Yom HaShoah and Your Voice
Date: Thu, 19 Apr 2001 01:34:30 -0400 (EDT)
Yom HaShoah began tonight. Yom HaShoah is a day to commemorate the
Holocaust. Please consider doing the following: Listen and speak.
Listen to the names of those who perished in the Holocaust, or
see their faces. It has become traditional on Yom HaShoah to read the
names of some of those who were killed in the Holocaust. They died 60
years ago, but they also died only last year, yesterday, a minute ago.
For as we give names to the 11 million victims of the Holocaust, we are
reminded that every day names are added to the ever-growing list of
victims of indifference and inhumanity, a list written nowhere but on the
conscience of humanity.
As you listen to the names and see the faces of the victims of the
Holocaust, think of the 6 million Jews and the 5 million mentally and
physically disabled people, homosexuals, gypsies, Jehovah's Witnesses,
Slavs, Communists, black Germans, and others who perished in the
Holocaust. But also commemorate the 3 million people who died of
AIDS last year, the 200,000 who have died in Burundi's civil war, the
homeless woman who froze to death in New Haven last winter, the 3 million
who die of malaria every year, a 13-year-old boy beaten to death by police
while in their custody in a town in Pakistan, the children in the Mideast
who die of bombs and bullets, Mexicans who die trying to cross the border
into the United States, and all others who die on our watch. Remember
all who die without a name and without a face -- so far as most of the
world is concerned -- but who had names, who had faces, who had lives,
who had families, who had people who cared about them and mourned their
loss, who were people like you and me, but who are now gone.
If you are at Yale, there is a 24 hour name-reading of victims of the
Holocaust, which takes place in front of Sterling Memorial Library,
and will conclude tomorrow, Thursday, at 8 pm. On the internet, you can
view faces of the Holocaust at
http://www.melizo.com/jewishpost/holocaust/holocst2.htm. Listen, see,
Having listened to the names of (or seen the faces of) those who are
gone, listen to those who are still here. And speak for those who cannot
speak, or who are afraid to speak, or who have ceased to speak because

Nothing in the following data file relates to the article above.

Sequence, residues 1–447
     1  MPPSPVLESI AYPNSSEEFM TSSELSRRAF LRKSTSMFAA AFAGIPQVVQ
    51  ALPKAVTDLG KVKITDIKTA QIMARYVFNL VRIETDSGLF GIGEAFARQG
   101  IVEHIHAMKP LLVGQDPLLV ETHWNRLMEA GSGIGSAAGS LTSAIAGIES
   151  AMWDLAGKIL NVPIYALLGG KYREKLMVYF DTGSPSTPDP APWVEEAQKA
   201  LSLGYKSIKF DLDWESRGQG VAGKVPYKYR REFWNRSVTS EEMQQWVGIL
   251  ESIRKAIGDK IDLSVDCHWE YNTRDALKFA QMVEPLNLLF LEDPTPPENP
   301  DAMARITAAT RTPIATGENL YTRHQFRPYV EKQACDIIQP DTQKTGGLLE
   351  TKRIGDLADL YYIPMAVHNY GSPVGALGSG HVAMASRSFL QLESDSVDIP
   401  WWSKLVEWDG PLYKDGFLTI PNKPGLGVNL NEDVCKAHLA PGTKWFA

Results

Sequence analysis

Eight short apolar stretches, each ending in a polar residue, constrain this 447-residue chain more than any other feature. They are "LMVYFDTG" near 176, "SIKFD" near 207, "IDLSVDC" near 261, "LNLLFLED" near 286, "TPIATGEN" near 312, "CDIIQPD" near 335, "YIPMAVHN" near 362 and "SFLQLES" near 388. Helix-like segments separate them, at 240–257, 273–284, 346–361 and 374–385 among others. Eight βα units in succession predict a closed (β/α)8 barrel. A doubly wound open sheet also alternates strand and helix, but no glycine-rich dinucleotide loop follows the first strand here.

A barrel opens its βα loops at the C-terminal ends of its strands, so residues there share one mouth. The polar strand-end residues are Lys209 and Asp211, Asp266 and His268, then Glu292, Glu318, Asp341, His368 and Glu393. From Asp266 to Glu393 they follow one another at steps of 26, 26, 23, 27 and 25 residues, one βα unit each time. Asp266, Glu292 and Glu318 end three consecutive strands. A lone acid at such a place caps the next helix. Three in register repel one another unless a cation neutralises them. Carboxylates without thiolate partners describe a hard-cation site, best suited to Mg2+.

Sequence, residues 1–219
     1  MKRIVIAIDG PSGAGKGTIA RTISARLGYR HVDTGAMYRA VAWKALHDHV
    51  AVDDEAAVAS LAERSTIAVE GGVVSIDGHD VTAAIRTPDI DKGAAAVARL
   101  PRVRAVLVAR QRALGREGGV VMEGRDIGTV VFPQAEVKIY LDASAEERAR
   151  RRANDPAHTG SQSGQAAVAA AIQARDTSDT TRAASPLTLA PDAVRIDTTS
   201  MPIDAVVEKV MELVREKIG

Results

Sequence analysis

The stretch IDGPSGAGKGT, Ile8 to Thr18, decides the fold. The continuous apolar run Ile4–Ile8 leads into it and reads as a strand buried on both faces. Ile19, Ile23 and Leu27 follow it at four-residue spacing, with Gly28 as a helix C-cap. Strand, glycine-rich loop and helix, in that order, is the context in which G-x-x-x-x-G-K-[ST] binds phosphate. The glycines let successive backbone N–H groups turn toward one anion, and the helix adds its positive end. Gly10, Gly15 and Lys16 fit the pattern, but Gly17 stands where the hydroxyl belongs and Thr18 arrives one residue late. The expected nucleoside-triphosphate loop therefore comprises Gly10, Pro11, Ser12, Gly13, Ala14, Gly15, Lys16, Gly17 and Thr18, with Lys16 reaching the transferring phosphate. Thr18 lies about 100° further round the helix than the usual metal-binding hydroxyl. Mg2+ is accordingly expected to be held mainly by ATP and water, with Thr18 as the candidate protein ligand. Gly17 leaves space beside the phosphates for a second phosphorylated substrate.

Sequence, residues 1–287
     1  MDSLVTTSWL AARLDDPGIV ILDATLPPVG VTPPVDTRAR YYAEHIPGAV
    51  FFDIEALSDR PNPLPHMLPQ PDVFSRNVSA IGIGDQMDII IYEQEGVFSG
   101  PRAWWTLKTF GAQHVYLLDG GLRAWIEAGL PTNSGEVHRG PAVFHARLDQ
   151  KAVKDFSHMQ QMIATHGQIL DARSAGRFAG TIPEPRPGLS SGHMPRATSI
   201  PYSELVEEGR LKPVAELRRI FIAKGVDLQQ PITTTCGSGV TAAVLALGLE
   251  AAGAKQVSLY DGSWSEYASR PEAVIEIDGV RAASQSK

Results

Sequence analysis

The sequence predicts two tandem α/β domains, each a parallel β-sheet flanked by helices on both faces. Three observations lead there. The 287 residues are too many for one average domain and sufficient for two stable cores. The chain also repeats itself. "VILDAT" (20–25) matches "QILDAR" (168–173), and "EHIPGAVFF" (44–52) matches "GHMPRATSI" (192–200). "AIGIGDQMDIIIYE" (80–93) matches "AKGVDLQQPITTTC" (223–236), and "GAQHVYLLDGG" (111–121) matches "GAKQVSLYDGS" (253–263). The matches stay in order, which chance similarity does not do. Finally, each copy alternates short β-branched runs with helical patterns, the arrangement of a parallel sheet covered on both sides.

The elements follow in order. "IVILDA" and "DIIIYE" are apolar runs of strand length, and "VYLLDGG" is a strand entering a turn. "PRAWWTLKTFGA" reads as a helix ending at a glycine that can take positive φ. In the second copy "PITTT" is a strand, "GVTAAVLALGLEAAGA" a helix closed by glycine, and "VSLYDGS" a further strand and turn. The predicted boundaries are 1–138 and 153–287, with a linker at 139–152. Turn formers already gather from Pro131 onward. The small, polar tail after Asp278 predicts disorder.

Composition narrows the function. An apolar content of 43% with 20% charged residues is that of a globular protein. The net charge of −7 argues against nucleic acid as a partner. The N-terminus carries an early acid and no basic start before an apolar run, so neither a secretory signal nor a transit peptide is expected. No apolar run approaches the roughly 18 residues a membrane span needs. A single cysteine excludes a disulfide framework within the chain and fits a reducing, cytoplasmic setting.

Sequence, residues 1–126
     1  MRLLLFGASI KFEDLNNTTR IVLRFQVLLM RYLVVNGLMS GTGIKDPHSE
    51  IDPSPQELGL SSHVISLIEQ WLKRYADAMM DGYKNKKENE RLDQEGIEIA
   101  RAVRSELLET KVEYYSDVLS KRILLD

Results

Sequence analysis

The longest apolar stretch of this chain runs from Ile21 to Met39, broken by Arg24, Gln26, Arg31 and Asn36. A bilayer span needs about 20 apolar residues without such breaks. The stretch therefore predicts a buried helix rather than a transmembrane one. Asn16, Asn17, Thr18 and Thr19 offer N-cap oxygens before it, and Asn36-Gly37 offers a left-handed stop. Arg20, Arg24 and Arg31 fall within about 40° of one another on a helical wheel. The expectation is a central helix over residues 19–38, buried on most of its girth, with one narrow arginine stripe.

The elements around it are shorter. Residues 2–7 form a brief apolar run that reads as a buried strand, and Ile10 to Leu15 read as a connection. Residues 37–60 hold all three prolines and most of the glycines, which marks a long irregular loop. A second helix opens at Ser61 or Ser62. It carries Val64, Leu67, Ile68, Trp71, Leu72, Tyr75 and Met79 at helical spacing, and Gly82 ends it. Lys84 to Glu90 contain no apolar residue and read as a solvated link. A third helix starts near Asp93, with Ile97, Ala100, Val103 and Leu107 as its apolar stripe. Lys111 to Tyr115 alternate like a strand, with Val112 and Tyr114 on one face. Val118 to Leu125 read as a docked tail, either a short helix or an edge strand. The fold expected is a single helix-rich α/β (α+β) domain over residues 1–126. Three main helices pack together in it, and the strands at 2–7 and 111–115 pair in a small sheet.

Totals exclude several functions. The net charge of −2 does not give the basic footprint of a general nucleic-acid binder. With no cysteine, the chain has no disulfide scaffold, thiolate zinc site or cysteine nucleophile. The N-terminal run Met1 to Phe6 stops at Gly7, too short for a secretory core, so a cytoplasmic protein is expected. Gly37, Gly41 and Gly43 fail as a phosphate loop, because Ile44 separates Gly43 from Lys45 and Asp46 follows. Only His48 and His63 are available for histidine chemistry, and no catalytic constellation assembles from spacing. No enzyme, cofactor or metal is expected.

they have come to believe that nobody will listen. And speak in unison
with those who are speaking, but whose voices will not be heard unless
they are joined by yours and mine and a million more.
Give your voice to the slaves of the 21st century (yes, there are
slaves in our midst -- the children slaves of West Africa who were
recently in the news are but a small segment of this dark secret). Give
your voice to women in parts of our world who are still told to stay
inside. Add your voice to their voices. Add your voice to the voices of
people living with HIV/AIDS and whose communities are being devastated by
that disease. Add your voice to the voices of people who suffer from
drug addiction but who are treated as criminals. Add your voice to the
voices of people who still have no safe water to drink. Add your voice
to the voices of the homeless of your community. Add your voice to the
voices of those left homeless by earthquakes in India, El Salvador,
Turkey. Add your voice to the voices of people in Burma, China, and
elsewhere who have been jailed because they wanted to have more of a voice
in their lives.
Speak with your friends, or send a letter or an e-mail to a public
official. Or write something for a newspaper, or something to post on
your webpage or on a wall. Or if today is not a day when you can do
these things, then speak to yourself. Promise yourself to speak to others
before the sun has set on too many tomorrows.
Because until you speak, until we speak, the sun will set, and set
again, but it will not rise. Only when we join our voices, yours and
mine and a million others, only then will the sun rise. Only then will a
new day dawn.
"I have only dreams: to build a better world, a world of harmony
and understanding, a world in which it is a joy to live. This is not
asking for too much." -- Yitzhak Rabin
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